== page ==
Innovation & Design

A Crowning Achievement


SPaN Architects create a suitably sleek dental office for the founder of GoSMILE

Shiny and bright as a newly polished tooth, an office on New York’s Upper East Side says a lot about what clients can expect from their visit. After all, the place is run by cosmetic dentist Jonathan Levine, founder of the GoSMILE tooth-whitening product line. “GoSMILE is kind of science meets style, and I wanted my practice to reflect that,” he says.

The entrance and lobby area of Levine’s newly renovated space are now defined by one grand gesture—a lacquered wrapper of brilliant white that welcomes clients, shows them the way to reception, and folds down from the ceiling to create a countertop, shelving unit, and display case. Designed by Pete Pelsinski and Karen Stonely of New York’s SPaN architects, the inspiration wasn’t quite as straightforward as it initially appears. “When we saw the space the old interior had just been demolished, and the first thing we thought about was establishing an architecture that borrowed the logic of aesthetic dentistry,” Pelsinski says. “We wanted to create this veneer that would work in the space in a corrective way because it had so many problems.” The 1,700-square-foot space included a cramped vestibule, a poor circulation pattern, and a low-hanging beam that interrupted the ceiling.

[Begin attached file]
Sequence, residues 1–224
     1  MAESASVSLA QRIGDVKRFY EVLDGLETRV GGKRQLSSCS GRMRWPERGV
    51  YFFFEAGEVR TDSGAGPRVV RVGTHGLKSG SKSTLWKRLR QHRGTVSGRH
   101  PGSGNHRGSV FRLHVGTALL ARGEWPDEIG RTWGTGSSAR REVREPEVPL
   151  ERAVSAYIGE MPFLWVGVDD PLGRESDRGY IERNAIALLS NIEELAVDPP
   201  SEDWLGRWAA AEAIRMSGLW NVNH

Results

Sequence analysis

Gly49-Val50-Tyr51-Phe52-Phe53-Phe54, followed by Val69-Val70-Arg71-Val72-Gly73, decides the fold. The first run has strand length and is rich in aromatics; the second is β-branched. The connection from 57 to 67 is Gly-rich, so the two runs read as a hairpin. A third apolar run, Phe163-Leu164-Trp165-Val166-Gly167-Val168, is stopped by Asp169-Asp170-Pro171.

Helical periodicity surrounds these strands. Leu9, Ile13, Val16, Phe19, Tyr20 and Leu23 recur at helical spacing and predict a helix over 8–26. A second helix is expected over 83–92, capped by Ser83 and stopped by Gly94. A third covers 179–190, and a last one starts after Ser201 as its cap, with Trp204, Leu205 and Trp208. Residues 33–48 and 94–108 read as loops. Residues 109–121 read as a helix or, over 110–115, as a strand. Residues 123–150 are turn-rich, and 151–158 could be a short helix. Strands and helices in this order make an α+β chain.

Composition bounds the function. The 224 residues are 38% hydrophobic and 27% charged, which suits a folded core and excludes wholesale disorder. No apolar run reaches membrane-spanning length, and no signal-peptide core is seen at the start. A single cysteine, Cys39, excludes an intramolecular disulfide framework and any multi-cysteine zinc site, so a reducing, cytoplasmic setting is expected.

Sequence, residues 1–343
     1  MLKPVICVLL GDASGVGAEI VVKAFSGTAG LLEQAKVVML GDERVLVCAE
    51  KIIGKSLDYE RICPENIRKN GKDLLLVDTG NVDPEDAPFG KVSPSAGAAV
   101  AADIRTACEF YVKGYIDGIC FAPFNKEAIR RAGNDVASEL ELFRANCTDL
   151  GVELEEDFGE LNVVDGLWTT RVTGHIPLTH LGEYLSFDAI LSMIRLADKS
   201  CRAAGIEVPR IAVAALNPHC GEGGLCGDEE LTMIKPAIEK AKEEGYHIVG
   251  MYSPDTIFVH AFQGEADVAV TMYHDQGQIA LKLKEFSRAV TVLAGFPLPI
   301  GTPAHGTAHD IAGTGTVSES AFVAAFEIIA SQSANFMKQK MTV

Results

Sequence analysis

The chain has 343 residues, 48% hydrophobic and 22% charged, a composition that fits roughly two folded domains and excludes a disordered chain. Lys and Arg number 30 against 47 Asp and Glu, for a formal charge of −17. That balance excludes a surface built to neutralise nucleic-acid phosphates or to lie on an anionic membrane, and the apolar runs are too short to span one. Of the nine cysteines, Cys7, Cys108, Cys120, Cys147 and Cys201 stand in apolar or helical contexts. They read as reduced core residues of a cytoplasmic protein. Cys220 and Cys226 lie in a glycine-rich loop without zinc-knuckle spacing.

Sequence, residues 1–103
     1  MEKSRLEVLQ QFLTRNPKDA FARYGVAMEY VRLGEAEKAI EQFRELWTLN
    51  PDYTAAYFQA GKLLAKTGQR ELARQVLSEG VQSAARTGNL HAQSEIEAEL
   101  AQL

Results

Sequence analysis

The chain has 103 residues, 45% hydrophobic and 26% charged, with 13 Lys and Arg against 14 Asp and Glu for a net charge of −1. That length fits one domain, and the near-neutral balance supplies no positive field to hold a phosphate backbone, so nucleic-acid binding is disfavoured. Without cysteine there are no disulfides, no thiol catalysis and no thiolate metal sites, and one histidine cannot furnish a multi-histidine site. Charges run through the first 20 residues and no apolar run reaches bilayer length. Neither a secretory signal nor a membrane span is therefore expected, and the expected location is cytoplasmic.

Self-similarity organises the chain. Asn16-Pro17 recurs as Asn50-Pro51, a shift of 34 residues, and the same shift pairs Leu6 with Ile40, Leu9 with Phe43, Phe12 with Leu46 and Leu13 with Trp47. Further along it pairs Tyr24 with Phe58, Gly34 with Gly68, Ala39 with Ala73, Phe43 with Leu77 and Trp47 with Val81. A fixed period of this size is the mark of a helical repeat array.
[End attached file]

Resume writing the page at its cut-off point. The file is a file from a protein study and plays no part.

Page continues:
However, the architects were also smitten with GoSMILE’s high-end pearly white and steel blue packaging, the original version of which unfolded in stages to reveal the merchandise. In response, they made the interior veneer resemble a one-piece deconstructed paper box. “In the same way that the packaging entices you and carries you through how to use the different products, that’s what our folded piece does for the entrance,” Stonely says.

Built by bending plywood over wooden ribs and lacquering the surface, the finished wrapper creates a calm, cool atmosphere. “He wanted a spa feel and a Zen-like experience for his patients, which is in stark contrast to the kind of terror that most people feel when they go to the dentist,” Pelsinski says. For Levine the design also has the added advantage of extending his brand image: “It looks like you’ve stepped into a GoSMILE box.”

Provided by Metropolis Magazine—The Magazine of Architecture, Culture, and Design

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